Dear Administrators – Will You Write to Me Instead?

Dear Administrators and Administrators To Be,
I know that some of you out there read this blog and for that I am very grateful.  I don’t often address you directly because I don’t feel it is my place but I have a simple plea as some of you embark on a new year.  An idea to plant, to spread and hopefully that can grow into a movement.  Something so simple, yet powerful, that we all should have realized a long time ago.

Many of us are in the midst of the back to school hustle in North America.  As excitement builds, time grows sparse and meetings pile up.  The other day I read a post from Lyn Hilt, a principal you should connect with if you don’t already know her, and something she stated rung so true to me that I wanted to shout it from the rooftops.  She writes in her post about her in-service day “It’s Kind of Magical”

“Wait, Lyn, what about the laundry list of informational items you have to share with teachers on Day 1? Schedules, lunch and recess routines, important dates, blah, blah, blah?” I’m blessed with a faculty full of teachers who are capable of reading print.

See Lyn discovered something powerful.  We teachers can read, in fact, many of us are quite proficient readers and pay better attention to written information than to spoken words.  Many of us even tell our students’ parents that we prefer to communicate via email because it gives us time to digest, to process, and to reflect, while also providing a paper trail for all of our communication.  So what Lyn did, when she placed all of that important information for her teachers into a Google document was a huge step in the right direction; cutting out the time to tell teachers things that they can just as easily read on their own.

You see, people in education seem to be talkers, not all, but many, and so what happens at some of these meetings is that they drown in stories or longwinded explanations where really an email could have sufficed.

So dear administrators, as you plan for a new year or continue the one you are in, ask yourself whether what you need to say can be communicated in writing?  Can it be shared in a blog post for your school?  Can it be sent in an email?  A newsletter?  Or a Google doc for continued collaboration?  Can you spare your words and leave us time to collaborate instead?  Will you give your staff the gift of time to solve problems, share learning or even just cut out staff meetings (it has been done successfully)?  Will you go away from being the sage on the stage at meetings and welcome in more time for learning opportunities instead?

Lyn did it and so can you.   I wish you good luck and remember to keep it brief.



education reform, observations, principal, teachers

A Teacher Can Dream

This blog is in response to Tom Whitby’s rally for blogging about education reform.  While this may not be an answer to the major problems, it does serve a purpose in discussing a cornerstore of the misconstrued”tenure for life” debate – observations by principals and how teachers would change those if they could. 

It is time for the observation schedule to start at my school and I know I am on the list, after all, this is only my 3rd year teaching and I am therefore still on probation and under observation.  The first year I was observed twice, last year once, and this year also only once.  While something beneficial always comes out of my observations, here is what I wish they really looked like.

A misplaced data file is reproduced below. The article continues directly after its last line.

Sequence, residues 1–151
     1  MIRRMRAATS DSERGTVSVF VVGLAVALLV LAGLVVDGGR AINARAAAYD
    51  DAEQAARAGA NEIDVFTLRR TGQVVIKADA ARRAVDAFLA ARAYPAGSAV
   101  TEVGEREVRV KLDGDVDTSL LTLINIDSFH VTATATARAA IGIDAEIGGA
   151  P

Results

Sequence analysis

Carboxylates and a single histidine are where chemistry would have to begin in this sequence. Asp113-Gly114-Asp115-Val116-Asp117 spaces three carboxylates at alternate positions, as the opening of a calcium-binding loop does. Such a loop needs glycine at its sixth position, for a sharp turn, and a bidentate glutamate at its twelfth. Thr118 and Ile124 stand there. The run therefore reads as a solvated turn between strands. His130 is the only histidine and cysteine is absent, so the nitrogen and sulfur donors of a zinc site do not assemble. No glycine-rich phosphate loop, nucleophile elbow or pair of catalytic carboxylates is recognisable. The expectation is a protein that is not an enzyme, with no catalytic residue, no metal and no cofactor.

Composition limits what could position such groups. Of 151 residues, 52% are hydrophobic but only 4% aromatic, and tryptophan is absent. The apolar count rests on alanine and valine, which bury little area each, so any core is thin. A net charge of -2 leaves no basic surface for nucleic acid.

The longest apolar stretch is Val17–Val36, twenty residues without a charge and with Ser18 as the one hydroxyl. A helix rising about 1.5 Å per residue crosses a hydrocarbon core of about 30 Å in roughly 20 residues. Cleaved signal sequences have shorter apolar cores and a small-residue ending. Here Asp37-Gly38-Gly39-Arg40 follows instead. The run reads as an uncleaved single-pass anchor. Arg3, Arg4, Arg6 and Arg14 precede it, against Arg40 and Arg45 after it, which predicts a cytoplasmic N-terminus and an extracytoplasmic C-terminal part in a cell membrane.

• I wish there were more.  I am not an excellent teacher, I have many years to grow from, so any feedback is important to me.  However, when that official feedback is only given once a year after a 30 minute observation, major things may go unnoticed or not be discussed at all.  What a missed learning opprtunity.
  • I wish some were surprise observations.  I sweat over my observation, I ponder and torture myself as I prepare only to realize that I am in essence putting on a dog and pony show.  My students act totally different than they normally do, not because I ask them to, but because the principal is sitting in my classroom and that is uncommon.  So therefore my lesson looks, feels and is different.  It is not in order to deceive but an adaptation to the situation.  If observations were more frequent and less formal a true snapshot of my teaching would be gathered much more easily and I could be observed in a genuine manner rather than in a staged one.
  • I wish there were other observers.  Most principals have a view of education that has been set by their own educational experiences as a teacher.  Feedback, therefore, is often derived from this knowledge set.  If others come in to observe you, differing ideas or viewpoints will be brought to light. How amazing would it be if a different principal came in to see you or someone not in administration?  Think of the various feedback that could be given.
  • I wish principals still taught.  In Canada, some principals such as @MrWejr are required to teach a class while working as assistant principals.  I think this is an incredibly powerful idea.  If a principal still teaches, their observations on your teaching will be much more relevant because they are not relying on experiences in their past, but rather in their present.  They become more relatable and also more current in their work and can thus provide up-to-date feedback and encouragement.
  • I wish the conversation continued.  Often a post-observation conference is scheduled, held and then nothing else is discussed until the next year.  In my fantasy, goals are written and discussed throughout the year.  And not loose goals either but actual tangible, observable goals decided in a partnership with the observer.  That way I know specifically what to work on, how to achieve it while being provided a chance to discuss progress and setbacks with someone.  The learning therefore continues after the observation is officially completed.
While these are my major wishes, I wonder what observations would look like if teachers were able to shape them instead of being told how they should look.  Imagine the conversation and reflection that would be gained from such a task.  So fellow educators, what do you wish for, what is your fantasy and more importantly, how do we make it a reality?